On 12/09/2016 05:58 AM, Michael Paquier wrote:
On Thu, Dec 8, 2016 at 10:05 PM, Michael Paquier
On Thu, Dec 8, 2016 at 5:55 PM, Heikki Linnakangas <hlinn...@iki.fi> wrote:
Actually, we don't give away that information currently. If you try to log
in with password or MD5 authentication, and the user doesn't exist, you get
the same error as with an incorrect password. So, I think we do need to give
the client a made-up salt and iteration count in that case, to hide the fact
that the user doesn't exist. Furthermore, you can't just generate random
salt and iteration count, because then you could simply try connecting
twice, and see if you get the same salt and iteration count. We need to
deterministically derive the salt from the username, so that you get the
same salt/iteration count every time you try connecting with that username.
But it needs indistinguishable from a random salt, to the client. Perhaps a
SHA hash of the username and some per-cluster secret value, created by
initdb. There must be research papers out there on how to do this..
A simple idea would be to use the system ID when generating this fake
salt? That's generated by initdb, once per cluster. I am wondering if
it would be risky to use it for the salt. For the number of iterations
the default number could be used.
I think I'd feel better with a completely separate randomly-generated
value for this. System ID is not too difficult to guess, and there's no
need to skimp on this. Yes, default number of iterations makes sense.
We cannot completely avoid leaking information through this,
unfortunately. For example, if you have a user with a non-default number
of iterations, and an attacker probes that, he'll know that the username
was valid, because he got back a non-default number of iterations. But
let's do our best.
I have been thinking more about this part quite a bit, and here is the
most simple thing that we could do while respecting the protocol.
That's more or less what I think you have in mind by re-reading
upthread, but it does not hurt to rewrite the whole flow to be clear:
1) Server gets the startup packet, maps pg_hba.conf and moves on to
the scram authentication code path.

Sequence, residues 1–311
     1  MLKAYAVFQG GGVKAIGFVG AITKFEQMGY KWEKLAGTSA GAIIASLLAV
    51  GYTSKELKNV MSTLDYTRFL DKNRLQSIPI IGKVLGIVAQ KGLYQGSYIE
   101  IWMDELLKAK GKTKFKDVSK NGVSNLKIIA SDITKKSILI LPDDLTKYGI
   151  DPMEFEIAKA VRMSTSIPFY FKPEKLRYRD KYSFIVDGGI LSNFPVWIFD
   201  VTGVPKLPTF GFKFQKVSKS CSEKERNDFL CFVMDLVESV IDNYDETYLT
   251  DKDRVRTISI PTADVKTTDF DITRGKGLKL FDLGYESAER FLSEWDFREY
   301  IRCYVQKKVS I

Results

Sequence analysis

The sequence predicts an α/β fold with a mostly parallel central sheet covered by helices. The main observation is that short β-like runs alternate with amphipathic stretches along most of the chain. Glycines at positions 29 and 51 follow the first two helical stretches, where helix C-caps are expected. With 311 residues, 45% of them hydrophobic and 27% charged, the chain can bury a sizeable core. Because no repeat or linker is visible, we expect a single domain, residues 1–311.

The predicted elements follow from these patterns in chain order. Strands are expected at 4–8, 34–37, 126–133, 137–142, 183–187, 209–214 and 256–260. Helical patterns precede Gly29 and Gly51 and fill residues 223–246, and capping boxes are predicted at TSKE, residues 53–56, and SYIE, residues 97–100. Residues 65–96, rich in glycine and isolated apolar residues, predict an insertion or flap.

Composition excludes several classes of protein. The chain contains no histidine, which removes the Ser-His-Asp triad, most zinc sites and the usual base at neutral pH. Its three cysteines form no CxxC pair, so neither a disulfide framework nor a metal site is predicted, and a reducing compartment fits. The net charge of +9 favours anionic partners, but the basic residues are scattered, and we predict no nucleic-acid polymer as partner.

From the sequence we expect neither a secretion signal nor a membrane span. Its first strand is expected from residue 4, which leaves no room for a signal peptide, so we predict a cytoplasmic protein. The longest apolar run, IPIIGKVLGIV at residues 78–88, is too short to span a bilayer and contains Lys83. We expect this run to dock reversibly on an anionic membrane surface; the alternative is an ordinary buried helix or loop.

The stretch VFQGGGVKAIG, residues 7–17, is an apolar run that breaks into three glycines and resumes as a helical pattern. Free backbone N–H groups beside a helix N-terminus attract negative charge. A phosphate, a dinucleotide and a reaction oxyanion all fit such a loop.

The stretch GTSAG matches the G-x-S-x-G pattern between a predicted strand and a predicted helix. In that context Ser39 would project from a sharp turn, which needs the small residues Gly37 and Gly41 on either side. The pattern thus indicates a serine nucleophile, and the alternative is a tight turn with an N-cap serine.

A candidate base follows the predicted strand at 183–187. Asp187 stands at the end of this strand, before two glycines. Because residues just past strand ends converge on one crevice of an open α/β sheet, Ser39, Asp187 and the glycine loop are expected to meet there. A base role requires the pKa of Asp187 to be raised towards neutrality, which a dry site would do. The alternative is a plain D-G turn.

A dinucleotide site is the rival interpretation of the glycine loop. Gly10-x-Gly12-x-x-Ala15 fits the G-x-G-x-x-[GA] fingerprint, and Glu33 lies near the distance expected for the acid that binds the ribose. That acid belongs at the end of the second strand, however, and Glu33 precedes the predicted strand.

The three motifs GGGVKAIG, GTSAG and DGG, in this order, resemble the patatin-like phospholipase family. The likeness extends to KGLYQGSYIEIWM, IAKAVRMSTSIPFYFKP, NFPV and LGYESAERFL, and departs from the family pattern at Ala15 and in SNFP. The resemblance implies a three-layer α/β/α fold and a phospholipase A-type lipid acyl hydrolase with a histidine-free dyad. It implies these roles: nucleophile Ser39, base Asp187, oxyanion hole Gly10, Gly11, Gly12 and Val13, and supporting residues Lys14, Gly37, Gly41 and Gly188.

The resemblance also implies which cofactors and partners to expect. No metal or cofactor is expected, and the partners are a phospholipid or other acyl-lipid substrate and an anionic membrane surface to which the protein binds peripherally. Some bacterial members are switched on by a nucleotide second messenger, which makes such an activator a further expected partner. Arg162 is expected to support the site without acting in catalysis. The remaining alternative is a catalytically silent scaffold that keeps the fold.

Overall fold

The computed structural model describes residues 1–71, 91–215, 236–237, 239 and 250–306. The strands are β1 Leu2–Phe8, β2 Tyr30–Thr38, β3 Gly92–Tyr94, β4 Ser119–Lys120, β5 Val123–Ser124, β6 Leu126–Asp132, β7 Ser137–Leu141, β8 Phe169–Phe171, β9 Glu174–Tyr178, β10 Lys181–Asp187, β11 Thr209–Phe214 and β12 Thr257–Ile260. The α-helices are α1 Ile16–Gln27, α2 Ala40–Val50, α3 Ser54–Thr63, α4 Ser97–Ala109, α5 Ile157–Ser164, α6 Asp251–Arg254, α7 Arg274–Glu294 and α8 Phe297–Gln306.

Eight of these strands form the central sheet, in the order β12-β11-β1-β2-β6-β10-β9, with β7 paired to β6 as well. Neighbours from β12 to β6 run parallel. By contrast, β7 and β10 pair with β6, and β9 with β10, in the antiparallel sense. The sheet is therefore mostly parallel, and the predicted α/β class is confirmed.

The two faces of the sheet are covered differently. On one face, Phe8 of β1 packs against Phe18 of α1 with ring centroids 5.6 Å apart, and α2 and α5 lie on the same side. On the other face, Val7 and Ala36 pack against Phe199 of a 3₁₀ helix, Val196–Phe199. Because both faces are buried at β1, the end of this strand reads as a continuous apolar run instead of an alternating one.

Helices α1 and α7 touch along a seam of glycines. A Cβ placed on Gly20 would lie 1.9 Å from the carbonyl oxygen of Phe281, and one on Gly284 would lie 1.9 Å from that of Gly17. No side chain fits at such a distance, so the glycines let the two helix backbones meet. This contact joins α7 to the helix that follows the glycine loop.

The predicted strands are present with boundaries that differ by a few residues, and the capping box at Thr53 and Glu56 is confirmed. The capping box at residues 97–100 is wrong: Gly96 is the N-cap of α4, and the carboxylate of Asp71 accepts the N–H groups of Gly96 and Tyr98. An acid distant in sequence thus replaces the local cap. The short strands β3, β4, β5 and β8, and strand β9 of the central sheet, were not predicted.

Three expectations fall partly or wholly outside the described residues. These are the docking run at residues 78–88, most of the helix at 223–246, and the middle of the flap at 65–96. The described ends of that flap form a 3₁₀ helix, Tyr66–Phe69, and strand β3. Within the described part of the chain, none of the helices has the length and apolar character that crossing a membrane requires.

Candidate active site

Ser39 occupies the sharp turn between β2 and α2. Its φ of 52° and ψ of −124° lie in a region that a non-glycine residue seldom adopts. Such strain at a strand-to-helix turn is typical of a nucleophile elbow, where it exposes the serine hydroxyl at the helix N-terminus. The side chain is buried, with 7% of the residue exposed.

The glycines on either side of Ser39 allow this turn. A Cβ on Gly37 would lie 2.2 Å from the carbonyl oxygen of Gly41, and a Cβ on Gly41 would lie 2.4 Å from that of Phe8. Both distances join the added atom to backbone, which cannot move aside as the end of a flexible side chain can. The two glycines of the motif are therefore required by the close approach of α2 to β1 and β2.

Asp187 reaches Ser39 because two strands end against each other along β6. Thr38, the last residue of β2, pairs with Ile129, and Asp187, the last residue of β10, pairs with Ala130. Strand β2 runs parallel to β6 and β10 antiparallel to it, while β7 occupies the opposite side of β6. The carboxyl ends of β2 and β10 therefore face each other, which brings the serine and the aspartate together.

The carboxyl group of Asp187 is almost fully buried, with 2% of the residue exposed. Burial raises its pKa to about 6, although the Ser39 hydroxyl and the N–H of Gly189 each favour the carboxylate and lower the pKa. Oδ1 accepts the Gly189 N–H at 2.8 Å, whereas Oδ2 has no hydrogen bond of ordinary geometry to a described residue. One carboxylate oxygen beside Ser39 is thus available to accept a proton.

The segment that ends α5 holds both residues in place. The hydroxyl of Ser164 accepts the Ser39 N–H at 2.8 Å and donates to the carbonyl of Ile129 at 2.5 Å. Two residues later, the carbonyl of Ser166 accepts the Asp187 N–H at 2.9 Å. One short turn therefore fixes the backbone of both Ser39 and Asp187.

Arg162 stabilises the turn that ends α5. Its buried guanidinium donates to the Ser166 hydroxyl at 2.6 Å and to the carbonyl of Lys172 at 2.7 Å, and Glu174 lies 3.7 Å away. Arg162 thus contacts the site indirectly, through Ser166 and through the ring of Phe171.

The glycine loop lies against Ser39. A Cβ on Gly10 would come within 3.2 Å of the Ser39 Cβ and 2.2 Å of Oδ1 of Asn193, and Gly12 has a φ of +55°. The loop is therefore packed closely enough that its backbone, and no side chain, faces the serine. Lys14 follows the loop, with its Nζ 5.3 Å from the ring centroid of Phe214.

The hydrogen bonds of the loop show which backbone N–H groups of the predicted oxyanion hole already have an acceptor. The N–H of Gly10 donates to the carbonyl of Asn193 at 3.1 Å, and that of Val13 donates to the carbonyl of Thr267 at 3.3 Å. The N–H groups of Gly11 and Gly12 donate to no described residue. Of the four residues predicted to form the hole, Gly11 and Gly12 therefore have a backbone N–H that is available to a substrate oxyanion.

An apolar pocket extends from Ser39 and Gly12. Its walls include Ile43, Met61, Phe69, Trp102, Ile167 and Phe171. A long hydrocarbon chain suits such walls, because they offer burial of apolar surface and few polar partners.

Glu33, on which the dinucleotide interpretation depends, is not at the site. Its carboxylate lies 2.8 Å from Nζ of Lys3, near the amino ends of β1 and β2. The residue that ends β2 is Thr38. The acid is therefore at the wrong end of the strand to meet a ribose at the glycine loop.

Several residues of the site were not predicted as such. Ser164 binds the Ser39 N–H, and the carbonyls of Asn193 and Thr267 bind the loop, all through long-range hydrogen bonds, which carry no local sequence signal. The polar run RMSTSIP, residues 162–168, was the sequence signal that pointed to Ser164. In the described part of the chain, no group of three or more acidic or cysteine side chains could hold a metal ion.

2) Server sends back sendAuthRequest() to request user to provide a
password. This maps to the plain/md5 behavior as no errors would be
issued to user until he has provided a password.
3) Client sends back the password, and the first message with the user name.
4) Server receives it, and checks the data. If a failure happens at
this stage, just ERROR on PG-side without sending back a e= message.
This includes the username-mismatch, empty password and end of
password validity. So we would never use e=unknown-user. This sticks
with what you quoted upthread that the server may end the exchange
before sending the final message.
If we want to mimic the current behavior with MD5 authentication, I
think we need to follow through with the challenge, and only fail in the
last step, even if we know the password was empty or expired. MD5
authentication doesn't currently give away that information to the user.
But it's OK to bail out early on OOM, or if the client sends an outright
broken message. Those don't give away any information on the user account.
5) Server sends back the challenge, and client answers back with its
reply to it.
Then enters the final stage of the exchange, at which point the server
would issue its final message that would be e= in case of errors. If
something like an OOM happens, no message would be sent so failing on
an OOM ERROR on PG side would be fine as well.
6) Read final message from client and validate.
7) issue final message of server.
On failure at steps 6) or 7), an e= message is returned instead of the
final message. Does that look right?
One thing is: when do we look up at pg_authid? After receiving the
first message from client or before beginning the exchange? As the
first message from client has the user name, it would make sense to do
the lookup after receiving it, but from PG prospective it would just
make sense to use the data already present in the startup packet. The
current patch does the latter. What do you think?
Let's see what fits the program flow best. Probably best to do it before
beginning the exchange. I'm hacking on this right now...
By the way, I have pushed the extra patches you sent into this branch:
Thanks! We had a quick chat with Michael, and agreed that we'd hack
together on that github repository, to avoid stepping on each other's
toes, and cut rebased patch sets from there to pgsql-hackers every now
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